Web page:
Dorastor, Land of Doom
Dorastor, Land of Doom Capsule Review by Gilbert Pili on 23/07/02
Style: 3 (Average)
Substance: 5 (Excellent!)
Dorastor is crammed with a wealth of priceless material that any referee will find inspiring.
Product: Dorastor, Land of Doom
Author: Various authors
Company/Publisher: The Avalon Hill Game Company
Line: RuneQuest, Hero Wars, HeroQuest
Page count: 128
Year published: 1993
Comp copy?: no
Capsule Review by Gilbert Pili on 23/07/02
Genre tags: Fantasy
Every time I surface for air after reading the latest RuneQuest addition, I come away with something fresh and exciting. From the stylized "stained-glass" painting on the cover to the philosophical musings on the morality of Illumination, the 128-page Dorastor: Land of Doom verges on masterpiece.
Included with the main booklet is the 16-page "Talastar Papers" containing the more biased chronicles of experiences within Dorastor. A full-color regional map is also incorporated. In the main book, sections describing the history, important regions and inhabitants fill in the background to the region, but the authors also add a full-fledged campaign, details of two unique Dorastor cultures and three in-depth examinations of Dorastor cults.
In other hands, Dorastor could have easily ended up as a book full of generic beasties, whose sole purpose in life is to make life miserable for player characters. A good chunk (47 pages) of this new supplement for RuneQuest is devoted to encounters in this region of Glorantha infamous for hordes of bizarre creatures, strange landscape and turbulent history. But the encounters are well documented with notes describing the monster's niche in the wild Dorastor ecology. These are monsters with personality.
Surprise twists include examinations of the spider folk, who are more intelligent that one might imagine, and the not-so-generic Gloranthan "werewolves." And Ralzakark, King of the Broo and big bad monster incarnate, can't really be pigeonholed as a plain heavy, either. In fact, while many of the monsters are dangerous and hostile, I never once get the feeling that they exist solely for PCs to slaughter (although I have no doubt anyone who plays in this setting will do plenty of that).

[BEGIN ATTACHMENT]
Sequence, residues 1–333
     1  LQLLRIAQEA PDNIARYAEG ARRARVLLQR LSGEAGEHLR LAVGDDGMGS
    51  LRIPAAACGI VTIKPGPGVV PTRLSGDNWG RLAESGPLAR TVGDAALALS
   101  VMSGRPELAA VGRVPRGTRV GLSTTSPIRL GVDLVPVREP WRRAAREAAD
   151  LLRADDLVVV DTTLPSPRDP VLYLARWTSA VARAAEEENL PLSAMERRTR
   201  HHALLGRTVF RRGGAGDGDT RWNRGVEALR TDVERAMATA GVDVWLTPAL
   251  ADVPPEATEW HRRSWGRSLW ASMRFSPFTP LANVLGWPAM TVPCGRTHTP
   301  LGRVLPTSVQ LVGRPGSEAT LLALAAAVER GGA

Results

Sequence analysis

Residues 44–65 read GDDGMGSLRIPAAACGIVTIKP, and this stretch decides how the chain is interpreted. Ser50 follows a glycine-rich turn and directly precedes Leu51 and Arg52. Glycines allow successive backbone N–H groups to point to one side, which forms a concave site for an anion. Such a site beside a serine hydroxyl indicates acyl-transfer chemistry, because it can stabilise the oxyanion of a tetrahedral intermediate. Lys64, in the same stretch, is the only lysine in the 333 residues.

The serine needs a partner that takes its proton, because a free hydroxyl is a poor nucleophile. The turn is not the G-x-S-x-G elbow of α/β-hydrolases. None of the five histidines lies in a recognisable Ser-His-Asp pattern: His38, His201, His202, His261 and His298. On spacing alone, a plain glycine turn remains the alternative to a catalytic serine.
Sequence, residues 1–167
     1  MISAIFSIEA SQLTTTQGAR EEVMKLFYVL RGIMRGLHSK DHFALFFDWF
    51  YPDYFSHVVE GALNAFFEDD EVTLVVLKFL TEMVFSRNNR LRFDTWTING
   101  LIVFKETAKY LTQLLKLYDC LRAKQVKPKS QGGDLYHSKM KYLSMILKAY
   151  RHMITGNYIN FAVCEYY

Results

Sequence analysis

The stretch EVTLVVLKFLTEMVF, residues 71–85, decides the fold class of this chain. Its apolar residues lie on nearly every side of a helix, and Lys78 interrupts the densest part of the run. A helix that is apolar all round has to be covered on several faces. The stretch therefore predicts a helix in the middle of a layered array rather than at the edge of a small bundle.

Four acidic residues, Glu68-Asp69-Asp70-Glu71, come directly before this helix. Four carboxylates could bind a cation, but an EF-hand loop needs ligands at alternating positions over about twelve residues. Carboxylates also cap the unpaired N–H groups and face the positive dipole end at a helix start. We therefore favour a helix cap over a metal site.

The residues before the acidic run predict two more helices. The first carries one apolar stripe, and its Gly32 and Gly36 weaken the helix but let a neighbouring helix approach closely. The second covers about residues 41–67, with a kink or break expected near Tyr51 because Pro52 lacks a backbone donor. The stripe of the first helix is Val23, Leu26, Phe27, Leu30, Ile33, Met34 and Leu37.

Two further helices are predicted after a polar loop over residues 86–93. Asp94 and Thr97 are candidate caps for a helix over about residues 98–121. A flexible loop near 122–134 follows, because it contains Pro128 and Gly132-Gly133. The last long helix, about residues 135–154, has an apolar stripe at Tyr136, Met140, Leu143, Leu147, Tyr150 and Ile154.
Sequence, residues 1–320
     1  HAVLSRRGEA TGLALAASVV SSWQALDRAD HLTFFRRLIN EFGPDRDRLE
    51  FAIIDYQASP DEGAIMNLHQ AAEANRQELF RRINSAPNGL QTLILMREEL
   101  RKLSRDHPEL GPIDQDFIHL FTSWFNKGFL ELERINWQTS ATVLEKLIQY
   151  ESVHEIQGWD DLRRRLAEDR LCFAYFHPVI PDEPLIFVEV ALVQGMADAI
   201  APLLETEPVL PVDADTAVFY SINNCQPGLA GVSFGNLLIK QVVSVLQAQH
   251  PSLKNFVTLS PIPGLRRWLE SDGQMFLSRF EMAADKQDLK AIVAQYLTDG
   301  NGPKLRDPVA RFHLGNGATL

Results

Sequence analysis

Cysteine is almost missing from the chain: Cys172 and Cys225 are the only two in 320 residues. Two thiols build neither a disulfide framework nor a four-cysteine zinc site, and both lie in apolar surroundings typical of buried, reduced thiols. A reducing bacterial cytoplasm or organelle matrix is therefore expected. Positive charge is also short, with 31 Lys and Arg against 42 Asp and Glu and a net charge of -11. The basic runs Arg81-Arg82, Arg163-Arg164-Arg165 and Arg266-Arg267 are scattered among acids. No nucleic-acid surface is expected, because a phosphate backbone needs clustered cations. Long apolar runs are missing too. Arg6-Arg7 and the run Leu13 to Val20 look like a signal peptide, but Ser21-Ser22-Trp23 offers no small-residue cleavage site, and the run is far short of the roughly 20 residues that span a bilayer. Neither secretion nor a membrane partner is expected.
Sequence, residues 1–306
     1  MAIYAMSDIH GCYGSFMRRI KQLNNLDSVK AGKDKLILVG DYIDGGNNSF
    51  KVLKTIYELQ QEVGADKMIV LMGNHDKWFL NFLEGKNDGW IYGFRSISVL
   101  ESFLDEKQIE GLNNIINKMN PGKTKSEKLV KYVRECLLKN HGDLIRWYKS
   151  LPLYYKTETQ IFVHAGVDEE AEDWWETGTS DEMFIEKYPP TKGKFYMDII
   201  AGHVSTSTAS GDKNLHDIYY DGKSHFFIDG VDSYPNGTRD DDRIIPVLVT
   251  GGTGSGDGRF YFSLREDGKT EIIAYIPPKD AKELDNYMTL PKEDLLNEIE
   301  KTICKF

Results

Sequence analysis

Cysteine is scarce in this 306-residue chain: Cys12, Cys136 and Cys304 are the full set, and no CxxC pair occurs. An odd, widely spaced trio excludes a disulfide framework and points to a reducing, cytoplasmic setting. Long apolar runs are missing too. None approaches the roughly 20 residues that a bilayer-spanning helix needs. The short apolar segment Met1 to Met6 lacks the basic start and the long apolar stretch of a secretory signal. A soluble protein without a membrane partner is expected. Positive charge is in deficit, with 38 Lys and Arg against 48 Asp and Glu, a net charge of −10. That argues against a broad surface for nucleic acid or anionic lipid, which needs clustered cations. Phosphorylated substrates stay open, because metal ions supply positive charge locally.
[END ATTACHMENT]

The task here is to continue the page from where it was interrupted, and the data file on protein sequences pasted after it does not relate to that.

The "Riskland Campaign" introduces PCs to local Orlanthi culture as well as to the hazards of Dorastor. The Orlanthis, a group persecuted outside Dorastor for their refusal to bow to another goddess, are free to worship Orlanth in Dorastor, but they pay a heavy price. PCs learn to work with the farm steaders trying to survive in the hostile environment, and may even come to love them. There's not a cardboard NPC in sight, and the richness of the Gloranthan setting shines through in every episode of the campaign. In one instance, PCs must track a murderer to the top of a sacred mountain and confront Orlanth himself.
The supplement ends with an inspired discussion of "Illumination," a philosophical state of mind reached by some Gloranthans that is -- depending on one's outlook -- a worthy goal or an evil curse to be destroyed at all costs. These last pages alone are worth the cover price.
While the cover painting is wonderful, the interior art is more erratic in quality, and the layout is sometimes less than eye-catching. Large chunks of text with no break make for difficult reading at times. Beyond that, however, Dorastor is crammed with a wealth of priceless material that any referee will find inspiring.